course on the Disability Equality Duty.
- Roger Wilson-Hinds. "Lend an ear to this vision" He sets out his
  vision of providing free talking software for all blind people at home
  and in libraries via his Screenreader Project [see]

There are various smaller news items including the press release
about changes at STV. Unfortunately for non-members the
Gazette's contents are not available on the CILIP website so I would
advise that you try to borrow a copy if you are interested in reading
any of these articles or the whole issue.

Access For Library Users With Disabilities

I have to admit that I did not pick up on this SCONUL report when it
was published in June and I am happy to report on it now as it is a
very important contribution to the literature. It was produced by the
SCONUL Access Steering Group and updates the 2002 version, the
draft of which STV commented upon. However, this 94 page
document does not merely update that report but takes a much
broader anticipatory approach because of the Disability Equality Duty
and the increasing number of disabled students.

The report adopts the social model of disability and addresses the
barriers faced by people with different disabilities. Chapter 1
emphasises the importance of support services beyond the individual
HE institution and I was pleased to note that 2 of the 9 examples
cited are Revealweb and the RNIB/NLB library services
merger. Pages 4 to 9 provide a succinct, up to date and useful
summary of the relevant legislation, including the Copyright [VIP]
Act, 2002.

Chapter 2 covers the different needs and expectations of staff,
undergraduates, international students, postgraduates, part time
students, distance learners, mature students and support workers.

Chapter 3 addresses the needs, the specific library
considerations and the barriers faced by people with different
disabilities covering dyslexia, autism, mental health, medical
conditions, visual impairment, hearing impairment and physical

Chapter 4 addresses a range of service delivery considerations
setting out basic points, examples of good practice, case studies and
posing debating points.

Chapter 5 is devoted to training and staff development and
emphasises the importance of regional cooperative developments
such as CLAUD, the Open Rose Group, NOWAL etc. Amongst the
national resources cited are RNIB's advisory services.

Chapter 6 is a series of appendices. I was particularly interested to
study 6.3 which is a table of registered disabled students at 12 HE
institutions broken down into the different disabilities. Consider this
data from 4 of the institutions;

Total disabled students
                                Dyslexia            VIP    Total no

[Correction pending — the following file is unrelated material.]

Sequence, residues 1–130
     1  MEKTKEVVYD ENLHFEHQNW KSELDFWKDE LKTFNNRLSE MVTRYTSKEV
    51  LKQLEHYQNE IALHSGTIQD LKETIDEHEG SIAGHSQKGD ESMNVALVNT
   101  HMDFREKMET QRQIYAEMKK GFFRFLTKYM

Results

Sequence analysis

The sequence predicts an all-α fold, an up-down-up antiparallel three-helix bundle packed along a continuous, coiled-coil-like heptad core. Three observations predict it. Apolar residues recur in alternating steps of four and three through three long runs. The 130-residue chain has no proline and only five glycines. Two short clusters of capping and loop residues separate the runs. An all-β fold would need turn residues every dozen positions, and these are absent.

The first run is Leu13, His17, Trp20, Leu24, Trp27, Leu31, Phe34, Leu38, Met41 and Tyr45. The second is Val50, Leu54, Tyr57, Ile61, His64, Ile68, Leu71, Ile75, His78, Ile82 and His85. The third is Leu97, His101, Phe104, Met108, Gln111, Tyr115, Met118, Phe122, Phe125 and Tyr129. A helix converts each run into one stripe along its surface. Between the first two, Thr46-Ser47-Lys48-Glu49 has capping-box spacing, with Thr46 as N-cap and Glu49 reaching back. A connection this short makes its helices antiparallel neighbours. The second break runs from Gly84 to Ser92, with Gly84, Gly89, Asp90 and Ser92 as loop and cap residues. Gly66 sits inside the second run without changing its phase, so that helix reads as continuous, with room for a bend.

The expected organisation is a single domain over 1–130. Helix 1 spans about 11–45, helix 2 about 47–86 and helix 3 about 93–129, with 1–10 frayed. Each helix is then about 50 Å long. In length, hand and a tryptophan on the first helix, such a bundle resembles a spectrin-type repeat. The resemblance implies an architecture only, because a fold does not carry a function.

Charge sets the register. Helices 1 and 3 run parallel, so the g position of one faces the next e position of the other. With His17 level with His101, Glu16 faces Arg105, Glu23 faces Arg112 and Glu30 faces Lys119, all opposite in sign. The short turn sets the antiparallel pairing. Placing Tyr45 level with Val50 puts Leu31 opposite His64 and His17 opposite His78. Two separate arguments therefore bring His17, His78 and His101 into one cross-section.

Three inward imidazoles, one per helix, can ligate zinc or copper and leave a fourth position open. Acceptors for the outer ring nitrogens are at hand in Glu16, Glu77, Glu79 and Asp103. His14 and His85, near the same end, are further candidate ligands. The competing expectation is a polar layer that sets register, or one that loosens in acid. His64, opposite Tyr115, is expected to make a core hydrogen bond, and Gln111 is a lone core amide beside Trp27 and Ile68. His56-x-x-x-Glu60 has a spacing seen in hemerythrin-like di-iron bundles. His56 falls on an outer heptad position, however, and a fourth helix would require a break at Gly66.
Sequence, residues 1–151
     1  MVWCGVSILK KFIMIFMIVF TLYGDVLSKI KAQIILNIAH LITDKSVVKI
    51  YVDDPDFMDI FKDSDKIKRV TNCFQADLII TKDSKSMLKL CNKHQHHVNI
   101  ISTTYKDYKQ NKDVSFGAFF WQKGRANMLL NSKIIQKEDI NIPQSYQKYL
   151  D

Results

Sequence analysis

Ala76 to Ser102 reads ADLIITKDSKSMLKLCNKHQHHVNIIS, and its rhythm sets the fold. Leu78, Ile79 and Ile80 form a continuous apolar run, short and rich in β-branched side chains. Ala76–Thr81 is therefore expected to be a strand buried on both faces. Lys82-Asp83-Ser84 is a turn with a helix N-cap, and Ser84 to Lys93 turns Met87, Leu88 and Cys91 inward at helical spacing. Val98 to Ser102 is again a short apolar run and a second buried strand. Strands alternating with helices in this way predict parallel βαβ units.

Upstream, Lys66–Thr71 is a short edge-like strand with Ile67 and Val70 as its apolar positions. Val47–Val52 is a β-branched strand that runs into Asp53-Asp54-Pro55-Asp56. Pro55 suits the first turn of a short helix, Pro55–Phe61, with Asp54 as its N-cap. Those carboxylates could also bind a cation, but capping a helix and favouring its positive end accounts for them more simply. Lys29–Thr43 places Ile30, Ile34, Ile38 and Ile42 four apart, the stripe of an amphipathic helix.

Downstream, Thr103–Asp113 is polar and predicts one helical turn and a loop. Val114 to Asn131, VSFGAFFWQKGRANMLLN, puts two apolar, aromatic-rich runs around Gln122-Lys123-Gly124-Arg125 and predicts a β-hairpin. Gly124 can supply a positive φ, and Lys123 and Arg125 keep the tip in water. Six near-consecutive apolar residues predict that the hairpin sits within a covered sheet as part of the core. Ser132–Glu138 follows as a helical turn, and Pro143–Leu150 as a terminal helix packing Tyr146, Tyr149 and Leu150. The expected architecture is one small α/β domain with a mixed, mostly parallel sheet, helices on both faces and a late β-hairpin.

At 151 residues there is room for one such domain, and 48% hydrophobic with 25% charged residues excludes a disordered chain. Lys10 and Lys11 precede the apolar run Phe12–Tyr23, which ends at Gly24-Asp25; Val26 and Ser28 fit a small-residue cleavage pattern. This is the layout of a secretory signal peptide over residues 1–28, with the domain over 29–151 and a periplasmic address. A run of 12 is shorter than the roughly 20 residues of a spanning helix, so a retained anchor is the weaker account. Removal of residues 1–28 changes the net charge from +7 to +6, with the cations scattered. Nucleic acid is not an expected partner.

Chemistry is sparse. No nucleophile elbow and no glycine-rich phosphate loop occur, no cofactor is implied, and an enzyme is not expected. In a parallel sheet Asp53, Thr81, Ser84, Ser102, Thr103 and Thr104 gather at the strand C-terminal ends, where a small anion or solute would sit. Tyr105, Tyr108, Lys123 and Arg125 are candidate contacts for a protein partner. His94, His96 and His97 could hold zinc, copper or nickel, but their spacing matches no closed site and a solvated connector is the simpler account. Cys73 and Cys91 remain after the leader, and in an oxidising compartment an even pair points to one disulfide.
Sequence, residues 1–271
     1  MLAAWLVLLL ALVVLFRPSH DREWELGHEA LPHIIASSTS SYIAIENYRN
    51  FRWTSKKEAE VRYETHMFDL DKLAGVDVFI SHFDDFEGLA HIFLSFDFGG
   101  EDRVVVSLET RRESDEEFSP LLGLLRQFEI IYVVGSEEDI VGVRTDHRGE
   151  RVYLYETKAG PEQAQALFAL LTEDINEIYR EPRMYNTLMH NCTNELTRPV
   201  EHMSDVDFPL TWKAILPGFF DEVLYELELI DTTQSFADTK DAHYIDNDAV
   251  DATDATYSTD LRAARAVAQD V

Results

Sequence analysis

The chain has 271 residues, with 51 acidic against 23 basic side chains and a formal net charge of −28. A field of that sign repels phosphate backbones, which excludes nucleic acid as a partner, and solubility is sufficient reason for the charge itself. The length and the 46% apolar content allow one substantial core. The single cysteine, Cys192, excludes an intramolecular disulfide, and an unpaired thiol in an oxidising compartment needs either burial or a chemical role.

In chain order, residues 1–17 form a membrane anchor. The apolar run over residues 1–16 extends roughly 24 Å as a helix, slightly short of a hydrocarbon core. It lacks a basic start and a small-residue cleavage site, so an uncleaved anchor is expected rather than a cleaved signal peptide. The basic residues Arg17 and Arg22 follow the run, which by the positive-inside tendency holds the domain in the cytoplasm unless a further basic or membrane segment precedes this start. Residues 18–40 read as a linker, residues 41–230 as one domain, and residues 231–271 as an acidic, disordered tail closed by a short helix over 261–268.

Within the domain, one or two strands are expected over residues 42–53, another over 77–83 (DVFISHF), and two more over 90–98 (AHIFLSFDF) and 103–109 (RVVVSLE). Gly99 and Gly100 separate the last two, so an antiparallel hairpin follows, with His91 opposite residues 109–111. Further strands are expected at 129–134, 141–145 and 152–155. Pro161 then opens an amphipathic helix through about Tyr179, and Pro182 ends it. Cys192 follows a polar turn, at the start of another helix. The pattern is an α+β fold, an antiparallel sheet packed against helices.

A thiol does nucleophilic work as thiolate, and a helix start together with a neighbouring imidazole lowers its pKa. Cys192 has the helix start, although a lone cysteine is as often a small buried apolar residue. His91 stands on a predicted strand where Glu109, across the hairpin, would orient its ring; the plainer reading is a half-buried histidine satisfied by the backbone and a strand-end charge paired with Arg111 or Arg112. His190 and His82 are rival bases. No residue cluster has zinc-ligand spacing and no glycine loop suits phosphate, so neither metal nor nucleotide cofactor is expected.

of disabled

Southampton University           1058                37    1890

Birmingham University             641                50     1336

Sheffield University              861                35     1627

Sheffield Hallam                  514                29     1445

Clearly, dyslexia is the most prevalent disability amongst students
which emphasises the importance of assistive reading technology
and the need to extend the exemptions under the Copyright [VIP] Act
to people with other disabilities. The higher number of VIP students
at Birmingham probably reflects the range of academic research
within the university and related facilities elsewhere in the city.

Appendix 6.4 provides a list of useful resources which includes
VISUGATE, Revealweb, the NOVA project, NLB and RNIB

Appendix 6.5 is an extensive bibliography with 15 citations for VIP
Overall, this is a very useful, up to date document. Whilst it is aimed
at the HE sector there is much which is of value and interest across
the sectors.

The report is available from the SCONUL website

Public Library Politics

On 03.08.07 the Bookseller website posted an interview with the new
Culture Minister, Margaret Hodge." Local Hero?" informed readers
that she does not intend to use her powers under the 1964 Public
Libraries and Museums Act to take over library authorities which are
failing to perform their duties adequately. She refers to her own time
as Leader of Islington Council and believes that local authorities
should determine local policy. "What I can do is just act as an

In response, CILIP issued a press release on 07.08.07 entitled, "Is
your local library up to standard? Probably not says CILIP". This
refers to a letter which the Chief Executive, Bob Mckee, had sent to
the Secretary of State, James Purnell, warning of the hidden cuts
which PLA's were planning to make to public library services. These
include reduced staffing and handing over libraries to community
groups to run them. CILIP is maintaining a watch and reminded
Purnell of DCMS's duty to exercise supervisory powers. CILIP
blames both national and local politicians for forcing through these
hidden cuts and has threatened to press the Audit Commission to
review the availability of professional library staff as part of these
PLA's Comprehensive Performance Assessment See:
The trend of handing individual libraries over to local community
groups has the potential to reduce the quality of services to